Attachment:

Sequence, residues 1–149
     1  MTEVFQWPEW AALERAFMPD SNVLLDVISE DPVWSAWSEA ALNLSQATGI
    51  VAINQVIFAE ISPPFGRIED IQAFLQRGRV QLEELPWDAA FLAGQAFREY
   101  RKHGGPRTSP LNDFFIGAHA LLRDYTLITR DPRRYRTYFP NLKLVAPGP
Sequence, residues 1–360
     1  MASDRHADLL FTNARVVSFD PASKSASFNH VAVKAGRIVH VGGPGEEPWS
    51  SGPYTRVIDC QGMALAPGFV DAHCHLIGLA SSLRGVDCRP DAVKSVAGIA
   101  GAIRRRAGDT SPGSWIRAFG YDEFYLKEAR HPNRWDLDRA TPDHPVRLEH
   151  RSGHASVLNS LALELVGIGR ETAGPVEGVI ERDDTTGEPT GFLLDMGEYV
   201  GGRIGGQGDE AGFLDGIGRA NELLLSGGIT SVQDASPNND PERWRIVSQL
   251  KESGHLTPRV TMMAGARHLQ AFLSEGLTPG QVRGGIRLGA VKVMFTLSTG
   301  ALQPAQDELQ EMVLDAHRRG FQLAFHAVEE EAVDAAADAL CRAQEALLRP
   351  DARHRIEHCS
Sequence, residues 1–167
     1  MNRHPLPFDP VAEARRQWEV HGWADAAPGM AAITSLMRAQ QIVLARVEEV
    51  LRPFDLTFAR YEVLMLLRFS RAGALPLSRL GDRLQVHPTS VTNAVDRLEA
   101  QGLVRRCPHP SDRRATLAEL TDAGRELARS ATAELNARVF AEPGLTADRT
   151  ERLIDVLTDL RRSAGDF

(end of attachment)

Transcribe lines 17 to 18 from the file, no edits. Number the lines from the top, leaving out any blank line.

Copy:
   101  QGLVRRCPHP SDRRATLAEL TDAGRELARS ATAELNARVF AEPGLTADRT
   151  ERLIDVLTDL RRSAGDF